As a professional portfolio manager, I spent 12 years sitting in darkened rooms listening to executives speak enthusiastically about their companies. I concluded that there is often a significant conceptual gap between the presenter and the listener.
At the heart of the issue is a difference in objectives; the presenter is selling a company, while the listener is buying a stock.
By this, I am not referring to the differences between long-term and short-term investors, but rather highlighting the potential for some specific conceptual problems that, when properly understood, can dramatically improve the communication between executives and their investors.
One of the biggest problems encountered by corporate executives is the investor's desire for information that cannot be readily or easily imparted. It could be that the information is unknown or there may be unwillingness by executives to disclose competitively sensitive information. It could also be that disclosure of such information would be in breach of Regulation FD (fair disclosure), which ensures that the public gets all information about a company in a fair and timely manner.
Faced with a sometimes-adversarial exchange with investors, many executives retreat from the process altogether, resorting to making meaningless generic comments about the company and its industry. The world of an investor is a relative one. Comparisons are constantly being made between one investment and another, the relative performance of asset classes and a particular company's performance relative to other companies and its expectations. It is a world of profit models, risk management, portfolio diversification and relative valuation. The specific fundamentals of a company are only relevant insofar as they create an appropriate investment opportunity.
Ultimately, the investor has to determine whether all known information about a company is fully priced into the stock.
The world of a corporate executive is often more absolute in nature: their concern is with hiring the right people, producing and pricing the right products at the right time, understanding the competitive landscape, allocating capital and successfully executing a strategic plan. Above all else, the focus is on optimizing the performance of the company in its marketplace. Stock market considerations are irrelevant to the day-to-day operations of a company.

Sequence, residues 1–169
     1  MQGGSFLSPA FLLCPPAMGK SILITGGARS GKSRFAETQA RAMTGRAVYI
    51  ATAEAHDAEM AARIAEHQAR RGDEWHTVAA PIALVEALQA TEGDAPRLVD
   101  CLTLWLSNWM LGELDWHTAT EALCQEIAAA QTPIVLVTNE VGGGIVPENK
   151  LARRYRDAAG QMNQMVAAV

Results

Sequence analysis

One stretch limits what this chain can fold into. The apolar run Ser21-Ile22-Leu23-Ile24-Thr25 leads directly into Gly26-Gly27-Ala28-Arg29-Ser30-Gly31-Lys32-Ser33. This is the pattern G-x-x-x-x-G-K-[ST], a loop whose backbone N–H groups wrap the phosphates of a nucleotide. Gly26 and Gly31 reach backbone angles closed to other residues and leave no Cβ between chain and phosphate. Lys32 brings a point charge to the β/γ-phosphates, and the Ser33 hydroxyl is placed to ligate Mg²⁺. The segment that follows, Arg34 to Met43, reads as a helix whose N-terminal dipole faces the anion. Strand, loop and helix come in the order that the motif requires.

Understanding some of these differences can greatly enhance the effectiveness of communication between executives and investors. Small improvements can be made in a company's presentation to help investors make efficient comparisons without necessarily subjecting executives to the risks associated with "selective" or "unfair" disclosure. Also, from a compliance point of view, it is far safer to build more information into a formal presentation than to risk saying something "sensitive" to a select group of investors during a private meeting.
A basic need of investors is to see more concrete evidence that a company is doing what it says it is doing. This type of evidence doesn't have to be competitively sensitive to be useful. Nor does it have to be substantial.
It is more about giving investors a better understanding of a company's operations, strategies and markets.
Investors ought to see more evidence of successful strategic execution and capital allocation processes, and that the right people with the right skills have been hired to do the right jobs. Large institutional investors may get the chance to ask executives all the questions they want, but there are many smaller investors who do not have the same opportunity.
A better appreciation of the needs of the audience and the conceptual differences that may exist between them is all it takes for communication between executives and their investors to be dramatically improved.
John Hasyn, CFA, is a principal of John Hasyn & Associates, an investor relations consultancy firm.
© The Globe and Mail
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